What a spiffy little shoot-'em-up! Not a jot of originality, to be sure, but the software equivalent of a really hot, steamy Big Mac - greasy but satisfying.
Powerama (is it meant to be Power-ama or Pow-erama? I dunno) features some neat designs, excellent sprite masking and scrolling, and a good deal of vertically-scrolling havoc. Whilst your spaceship looks a bit like a distorted Smiley Face (I think the features are meant to be portholes and vents) the alien fighters are suitably sinister and threatening, and the features of the enemy battle cruisers over which you fly are nicely designed.
All you have to do is blast the surface features in order to deactivate the fleet's solar energy converters and give your fleet a chance to regroup and attack. Rather than sitting watching Neighbours, the aliens churlishly decide to blast you to atoms, so as you proceed upwards you'll have to fight them off. The attack waves are semi-random, so every game is different. Swirling from the top and side of the screen, all the aliens can be destroyed with one blast from your laser, but some move faster and less predictably than others.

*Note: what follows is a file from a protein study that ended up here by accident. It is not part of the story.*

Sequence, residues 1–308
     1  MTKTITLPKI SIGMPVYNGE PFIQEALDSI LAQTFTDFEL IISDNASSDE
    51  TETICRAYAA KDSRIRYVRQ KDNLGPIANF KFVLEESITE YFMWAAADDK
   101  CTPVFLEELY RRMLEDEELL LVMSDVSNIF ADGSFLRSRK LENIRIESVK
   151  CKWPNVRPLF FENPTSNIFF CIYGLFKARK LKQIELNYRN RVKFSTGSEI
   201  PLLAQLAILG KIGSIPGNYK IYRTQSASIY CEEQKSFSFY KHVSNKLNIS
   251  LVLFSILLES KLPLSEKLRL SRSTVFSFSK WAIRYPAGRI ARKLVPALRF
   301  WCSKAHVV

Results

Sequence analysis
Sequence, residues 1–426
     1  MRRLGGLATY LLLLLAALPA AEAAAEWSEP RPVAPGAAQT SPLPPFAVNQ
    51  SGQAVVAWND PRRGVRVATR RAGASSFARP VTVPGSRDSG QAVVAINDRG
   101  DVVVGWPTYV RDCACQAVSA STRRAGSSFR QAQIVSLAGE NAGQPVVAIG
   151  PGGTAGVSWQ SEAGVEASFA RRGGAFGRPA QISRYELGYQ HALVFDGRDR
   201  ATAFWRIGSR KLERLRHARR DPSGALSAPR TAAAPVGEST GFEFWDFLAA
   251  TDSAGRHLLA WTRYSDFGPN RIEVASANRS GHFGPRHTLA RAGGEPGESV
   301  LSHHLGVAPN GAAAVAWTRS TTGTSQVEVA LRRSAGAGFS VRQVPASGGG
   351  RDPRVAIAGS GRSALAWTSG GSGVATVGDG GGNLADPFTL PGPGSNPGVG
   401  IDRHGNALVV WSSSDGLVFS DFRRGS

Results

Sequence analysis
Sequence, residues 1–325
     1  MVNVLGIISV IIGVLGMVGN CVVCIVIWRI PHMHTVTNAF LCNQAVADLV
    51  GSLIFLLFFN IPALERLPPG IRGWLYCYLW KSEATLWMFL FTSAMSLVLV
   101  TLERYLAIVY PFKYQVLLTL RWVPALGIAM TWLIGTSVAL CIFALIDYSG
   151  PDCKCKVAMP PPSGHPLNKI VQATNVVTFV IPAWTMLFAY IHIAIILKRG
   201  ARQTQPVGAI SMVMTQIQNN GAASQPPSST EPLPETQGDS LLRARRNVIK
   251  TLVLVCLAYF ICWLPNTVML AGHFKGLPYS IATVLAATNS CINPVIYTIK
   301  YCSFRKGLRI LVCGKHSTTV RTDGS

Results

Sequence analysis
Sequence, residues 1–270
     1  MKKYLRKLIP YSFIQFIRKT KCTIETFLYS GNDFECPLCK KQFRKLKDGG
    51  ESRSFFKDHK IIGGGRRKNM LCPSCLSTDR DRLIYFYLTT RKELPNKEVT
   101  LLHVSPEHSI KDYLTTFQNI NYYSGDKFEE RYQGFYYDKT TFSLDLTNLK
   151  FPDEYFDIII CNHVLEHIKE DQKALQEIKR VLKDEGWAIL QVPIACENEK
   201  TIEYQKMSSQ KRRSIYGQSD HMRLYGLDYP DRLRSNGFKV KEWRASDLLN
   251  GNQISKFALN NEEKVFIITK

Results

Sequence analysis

As you progress you'll see small flashing icons which you must fly over. This gives you extra speed (which you'll definitely need if you want to get through the early stages), extra bullets and bonus lives.
At the end of each level there's a mother ship which can probably be destroyed, but as it throws bombs at you at a generous speed, it's better to keep well out of its way. Get yourself killed, and you'll disintegrate convincingly.
On the high score table you can choose to start on any of the first four levels. I can't see anyone regretting investing in Powerama; gameplay's fine, the sound's OK and the graphic design is good. I particularly like the way in which the alien ships are always highly visible, despite the fact that your own ship, the aliens and the background are shown in the same colour. That's the sign of meticulous work.
Label: Power House
Author: D. Drummack and C. Galley
Reviewer: Chris Jenkins
Excellent budget vertically-scrolling shoot-'em-up.